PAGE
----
Due to the high volume of COVID cases reported in Georgia, and with an abundance of caution for our patients and our staff, we are temporarily suspending the in-person exam option. The measures we have taken over the last few months are still in place, and as soon as we deem it safe to do so, we will bring back the in-person exams. We will reach out to you if you have an in-person exam currently scheduled, but please know that we will not be scheduling any new in-person exams until further notice.
By partnering together, we can resume our normal hospital operating procedures safely and sooner. We thank you for your understanding and your participation as we navigate this together!
We have instituted a new method of care during this period of social distancing--virtual exam rooms. This will allow you, via a live-stream video, to be "virtually" in the room with us while we examine your pet. Look for an email from us before your appointment with your link to a zoom conference. This will allow us to talk and you can see us in the exam room.
With virtual or curbside appointments, just pull up and if a PHAH staff member does not come to your car within a couple of minutes, PLEASE CALL THE FRONT DESK at 404.812.9880 right away to let us know you are here.
You can schedule virtual appointments here via Next in Line, our scheduling app button at the top of our homepage, or call 404.812.9880 to schedule appointments or ask general pet questions.
This is the preferred method over emailing. If you do email us, due to the high number of emails we receive on a daily basis, please allow 24 to 48 hours for a response. And please note that in-person exams must be scheduled through the front desk at 404.812.9880.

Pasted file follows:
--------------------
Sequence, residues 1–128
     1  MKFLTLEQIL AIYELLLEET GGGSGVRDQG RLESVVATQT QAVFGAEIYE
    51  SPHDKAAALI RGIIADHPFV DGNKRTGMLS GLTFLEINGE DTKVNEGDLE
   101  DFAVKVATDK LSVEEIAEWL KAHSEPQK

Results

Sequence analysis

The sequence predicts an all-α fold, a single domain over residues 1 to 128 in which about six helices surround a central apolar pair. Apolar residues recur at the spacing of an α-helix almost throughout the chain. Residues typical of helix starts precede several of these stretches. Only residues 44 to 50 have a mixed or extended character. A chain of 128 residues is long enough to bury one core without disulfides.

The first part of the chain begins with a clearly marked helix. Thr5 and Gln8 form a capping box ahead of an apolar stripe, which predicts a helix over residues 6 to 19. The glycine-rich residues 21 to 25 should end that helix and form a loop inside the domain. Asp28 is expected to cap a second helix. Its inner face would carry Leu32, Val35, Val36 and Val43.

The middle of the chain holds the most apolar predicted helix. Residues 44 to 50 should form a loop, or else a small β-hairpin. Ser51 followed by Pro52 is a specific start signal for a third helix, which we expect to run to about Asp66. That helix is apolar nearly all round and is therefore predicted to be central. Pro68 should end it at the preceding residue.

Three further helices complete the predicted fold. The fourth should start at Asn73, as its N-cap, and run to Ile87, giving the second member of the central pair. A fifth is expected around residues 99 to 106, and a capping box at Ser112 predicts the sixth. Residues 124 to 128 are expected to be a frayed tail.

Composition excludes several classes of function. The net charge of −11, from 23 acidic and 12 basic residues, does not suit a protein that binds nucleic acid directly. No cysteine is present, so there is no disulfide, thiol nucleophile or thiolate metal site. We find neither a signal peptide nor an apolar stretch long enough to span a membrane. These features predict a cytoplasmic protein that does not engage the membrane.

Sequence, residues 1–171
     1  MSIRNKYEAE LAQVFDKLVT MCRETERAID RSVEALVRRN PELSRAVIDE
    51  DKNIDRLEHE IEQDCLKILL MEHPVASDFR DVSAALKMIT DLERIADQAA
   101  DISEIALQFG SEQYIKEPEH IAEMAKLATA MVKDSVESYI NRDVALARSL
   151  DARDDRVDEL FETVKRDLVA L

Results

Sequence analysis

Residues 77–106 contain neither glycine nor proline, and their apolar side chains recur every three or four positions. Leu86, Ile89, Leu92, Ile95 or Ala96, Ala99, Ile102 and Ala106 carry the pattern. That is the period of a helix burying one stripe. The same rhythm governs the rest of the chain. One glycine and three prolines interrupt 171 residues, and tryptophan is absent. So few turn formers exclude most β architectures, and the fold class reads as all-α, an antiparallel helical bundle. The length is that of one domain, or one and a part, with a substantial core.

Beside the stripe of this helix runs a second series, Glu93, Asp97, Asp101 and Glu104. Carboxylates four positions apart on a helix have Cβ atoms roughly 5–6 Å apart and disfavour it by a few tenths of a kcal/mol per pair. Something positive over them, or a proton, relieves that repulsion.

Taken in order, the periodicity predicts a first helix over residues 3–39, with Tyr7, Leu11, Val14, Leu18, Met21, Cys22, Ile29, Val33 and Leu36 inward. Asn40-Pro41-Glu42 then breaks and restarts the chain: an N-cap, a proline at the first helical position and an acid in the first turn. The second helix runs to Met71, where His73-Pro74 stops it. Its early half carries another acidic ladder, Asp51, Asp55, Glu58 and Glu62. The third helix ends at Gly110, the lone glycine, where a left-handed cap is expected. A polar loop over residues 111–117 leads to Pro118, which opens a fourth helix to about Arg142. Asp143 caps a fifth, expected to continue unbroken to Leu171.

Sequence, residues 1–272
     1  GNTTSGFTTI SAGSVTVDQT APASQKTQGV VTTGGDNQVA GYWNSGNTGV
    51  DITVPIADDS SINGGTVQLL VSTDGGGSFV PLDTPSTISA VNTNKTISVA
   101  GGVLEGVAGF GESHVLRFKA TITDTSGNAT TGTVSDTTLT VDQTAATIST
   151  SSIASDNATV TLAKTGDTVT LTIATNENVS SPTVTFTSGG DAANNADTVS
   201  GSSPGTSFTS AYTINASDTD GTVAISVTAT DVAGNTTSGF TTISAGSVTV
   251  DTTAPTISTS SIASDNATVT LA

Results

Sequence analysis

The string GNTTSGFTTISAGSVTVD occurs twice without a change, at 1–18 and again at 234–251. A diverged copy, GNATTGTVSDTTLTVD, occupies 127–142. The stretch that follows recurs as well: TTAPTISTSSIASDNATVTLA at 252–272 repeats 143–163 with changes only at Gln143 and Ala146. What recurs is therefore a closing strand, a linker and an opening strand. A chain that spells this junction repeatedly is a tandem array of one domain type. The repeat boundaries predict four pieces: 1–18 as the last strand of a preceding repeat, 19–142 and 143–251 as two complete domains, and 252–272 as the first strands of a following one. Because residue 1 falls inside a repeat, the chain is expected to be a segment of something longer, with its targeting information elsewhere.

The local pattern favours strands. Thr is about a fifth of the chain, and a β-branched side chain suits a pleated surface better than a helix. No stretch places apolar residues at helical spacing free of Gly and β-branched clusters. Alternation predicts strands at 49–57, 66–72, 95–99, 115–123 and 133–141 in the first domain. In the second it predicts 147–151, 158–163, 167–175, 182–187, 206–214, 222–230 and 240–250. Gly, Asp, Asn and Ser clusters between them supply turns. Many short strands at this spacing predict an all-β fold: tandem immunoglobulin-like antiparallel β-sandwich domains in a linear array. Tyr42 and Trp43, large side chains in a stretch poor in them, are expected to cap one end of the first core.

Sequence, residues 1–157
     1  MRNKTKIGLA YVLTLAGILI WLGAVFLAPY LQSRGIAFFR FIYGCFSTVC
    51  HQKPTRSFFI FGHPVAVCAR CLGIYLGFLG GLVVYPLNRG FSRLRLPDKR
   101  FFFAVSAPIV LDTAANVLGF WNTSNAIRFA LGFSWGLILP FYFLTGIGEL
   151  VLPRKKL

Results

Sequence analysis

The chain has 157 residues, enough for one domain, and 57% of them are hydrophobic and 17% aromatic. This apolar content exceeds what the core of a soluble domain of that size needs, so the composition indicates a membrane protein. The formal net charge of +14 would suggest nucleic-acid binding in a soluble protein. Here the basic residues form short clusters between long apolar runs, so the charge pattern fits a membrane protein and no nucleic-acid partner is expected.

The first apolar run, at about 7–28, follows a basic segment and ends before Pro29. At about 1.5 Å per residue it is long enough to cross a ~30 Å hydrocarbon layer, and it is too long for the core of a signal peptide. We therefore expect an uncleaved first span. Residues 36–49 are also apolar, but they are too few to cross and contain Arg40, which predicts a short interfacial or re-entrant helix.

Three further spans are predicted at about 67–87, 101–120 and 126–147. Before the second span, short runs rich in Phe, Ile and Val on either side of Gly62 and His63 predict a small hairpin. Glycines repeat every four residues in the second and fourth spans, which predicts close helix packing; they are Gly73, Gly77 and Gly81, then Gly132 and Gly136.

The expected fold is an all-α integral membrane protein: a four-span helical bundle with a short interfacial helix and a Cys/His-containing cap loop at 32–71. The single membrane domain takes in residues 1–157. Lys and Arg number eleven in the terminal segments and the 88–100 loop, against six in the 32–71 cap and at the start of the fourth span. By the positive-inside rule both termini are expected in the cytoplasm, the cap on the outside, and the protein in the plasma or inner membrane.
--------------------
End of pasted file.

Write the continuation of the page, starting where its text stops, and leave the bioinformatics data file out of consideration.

We are doing many "contactless consults" with TeleVET, our telemedicine app. We encourage everyone to download the app and have it at the ready should you need to use it. Note: We will soon be using this telemedicine app to follow up on all surgical procedures, as it is much less stressful for your pet. We are the last people your pet wants to see the week following a procedure, but we can accomplish the same level of check-up using photos and video feed. Win-win!
To schedule a TeleVET visit, click here.
By Erin Coleman, WSB-TV Atlanta
A metro veterinarian says a driver likely dragged a dog under a car, and it's one of the worst cases he's seen.
Channel 2’s Erin Coleman went to Peachtree Hills Animal Hospital Monday where the dog's recovering, but the bills are adding up.
“He got hit by a car and got dragged across the pavement and it ripped the skin away all the way down to the bones of his face,” said Dr. Duffy Jones about Ben, a happy young lab mix recovering at the animal hospital.
Ben lost about 25 percent of his face, and part of his neck in the incident.
“This is one of the worst ones we've seen,” Jones said.
Jones said it will take several surgeries to get him back to 100 percent. But because he was also neglected, malnourished, and left with the gaping wound for as long as two weeks, his recovery will take even longer.
“I have a feeling that people saw him with this. It's hard to miss when you look at him and people didn't get him taken care of right away,” Jones said.
Ben was turned in to the Fulton Animal Shelter last week and the shelter immediately contacted an organization called Atlanta Lab Rescue. They saw he was in dire need of surgery but that surgery is going to cost thousands of dollars.
“He's going to be here for a few more weeks in the clinic so all of that adds up,” said Alana Joyner with Atlanta Lab Rescue.
Atlanta Lab Rescue is footing the bill for now. They usually pay a few hundred dollars to help a dog in need. Ben's case will be much more expensive.
“We're definitely in need of donations,” Joyner said.
At this point, the staff hopes what happened to Ben wasn't intentional, but there's no way to know for sure.
“It all pulls at our heartstrings and our whole office had gotten honestly attached to him. He's such a good dog,” Jones said.
Right now, vets have him on a lot of antibiotics and pain medication. They told Coleman they have to keep scrubbing the wound, much like a burn victim before they can operate.